Islam Online has reported that a high-ranking member of the Egyptian Muslim Brotherhood has traveled to London to consult with the likely replacement for the recently deceased head of the Brotherhood’s “International Organization.” A previous post had identified two other possible replacements but both have been ruled out according to the report. Faisal Malawi, head of the Lebanese Muslim Brotherhood, was said to be in poor health while Rachid Gannoushi, also tied to the global Muslim Brotherhood, declared that he was ” president of Renaissance Movement in Tunisia, only.” The report goes on to identify the likely success as Ibrahim Monir, according to other sources, was born in Egypt in 1937. He is a member of the Muslim Brotherhood’s Guidance Bureau, serves as Secretary-General of the Muslim Brotherhood’s International Organisation, and is also the Muslim Brotherhood’s current spokesman in the West and the general overseer of the London-based Muslim Brotherhood’s weekly bulletin, Resalat al-Ikhwan. Monir lives in London.
In 2004, the French newspaper Le Monde described the history of the Muslim Brotherhood International Organization:
The existence of the Tanzim Al Dawli is the best guarded secret of the Brothers. Today, many pieces of the puzzle are known. The first of these is that the supreme leader of the international framework is, since the beginning, the Egyptian guide. Significantly, he is the only one to carry the title of murchid (guide). The leaders of the other branches are `secretary generals’. The Brotherhood’s expansion abroad has a long history: from its very first years the movement’s ideology was spread by foreign students who were doing graduate work at Al Azhar or in other Cairo universities and who were seduced by the ideas of Hassan Al Banna. Back in their country they transmitted that ideology. After 1945 a Communications Bureau with the Islamic world was created. It soon became a sort of `ministry of foreign affairs of the Brothers’ according to the Egyptian journalist Husam Tammam who published the most thorough study of the international organization […] After Nasser dissolved the Brotherhood in 1954 the persecutions and exile of many of its prominent members aided its spread abroad. But the Tanzim Al Dawli’s true birth came later, on July 29 1982 to be exact, under the influence of Mustafa Machhour. After his release from prison in 1973, this leader of the Brotherhood worked to reestablish the web of the international movement through numerous foreign trips aided by Mohammed Mehdi Akef who has lived in Hamburg since 1981. The Muslim Brothers’ international is made up of member organizations and those allied with the movement, like the Jamaat e Islami in Pakistan or the Refah in Turkey. Machhour named an envoy to represent him abroad: the Syrian Hassan Howeidi who lives in Amman, in Jordan.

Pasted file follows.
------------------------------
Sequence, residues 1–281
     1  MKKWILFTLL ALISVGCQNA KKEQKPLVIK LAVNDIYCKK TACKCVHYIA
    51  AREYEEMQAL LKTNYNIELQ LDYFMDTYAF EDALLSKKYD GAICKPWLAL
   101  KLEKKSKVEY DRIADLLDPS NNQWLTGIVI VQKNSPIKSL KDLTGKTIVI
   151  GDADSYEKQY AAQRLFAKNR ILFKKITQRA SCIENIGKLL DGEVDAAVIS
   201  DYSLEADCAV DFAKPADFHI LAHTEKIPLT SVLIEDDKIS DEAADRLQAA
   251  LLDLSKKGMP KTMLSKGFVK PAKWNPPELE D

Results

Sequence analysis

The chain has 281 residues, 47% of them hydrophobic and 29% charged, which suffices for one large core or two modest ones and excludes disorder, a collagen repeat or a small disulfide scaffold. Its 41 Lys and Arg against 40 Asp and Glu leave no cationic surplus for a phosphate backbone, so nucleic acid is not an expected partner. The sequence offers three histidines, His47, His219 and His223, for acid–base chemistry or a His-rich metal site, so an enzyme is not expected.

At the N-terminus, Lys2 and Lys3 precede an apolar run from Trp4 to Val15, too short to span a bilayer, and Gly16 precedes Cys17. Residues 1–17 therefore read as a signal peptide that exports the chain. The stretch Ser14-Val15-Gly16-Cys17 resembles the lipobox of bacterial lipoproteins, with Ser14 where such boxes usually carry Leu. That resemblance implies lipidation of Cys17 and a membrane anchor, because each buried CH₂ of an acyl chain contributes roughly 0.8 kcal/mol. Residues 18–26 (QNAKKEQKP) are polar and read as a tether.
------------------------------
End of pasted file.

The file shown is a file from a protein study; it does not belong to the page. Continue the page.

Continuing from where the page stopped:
The article goes on to say that that the International Organization began to fall apart following Saddam Hussein’s invasion of Iraq and the departure of the Kuwaiti Muslim Brothers, said to have been the leading source of funds for the International organization, over the failure of the Brotherhood to condemn the invasion strongly enough. Despite the 2004 election of Mohammed Mehdi Akef as new Supreme Guide, who had spent time in Germany during the 1980’s, what Le Monde called the “centrifugal tendency” continued to develop.
It should be noted that the Muslim Brotherhood today has become a global network and that the Egyptian mother branch is not necessarily the most important part of the movement. Sheikh Youssef Qaradawi, close to Saudi Arabia and the Gulf states, is often referred to by the GMBDW as the most important leader of the global Muslim Brotherhood, an acknowledgement of his role as the de facto spiritual leader of the movement. In 2004, Qaradawi turned down the offer to lead the Egyptian Brotherhood after the death of the Supreme Guide stating only that
..he had consciously decided not to limit his scope of manoeuvre by tying himself ‘any movement which might constrain my actions, even if this is the Muslim Brotherhood under whose umbrella I grew and which I so defended…Would I, at the age of 77, accept what I turned down when I was 49?’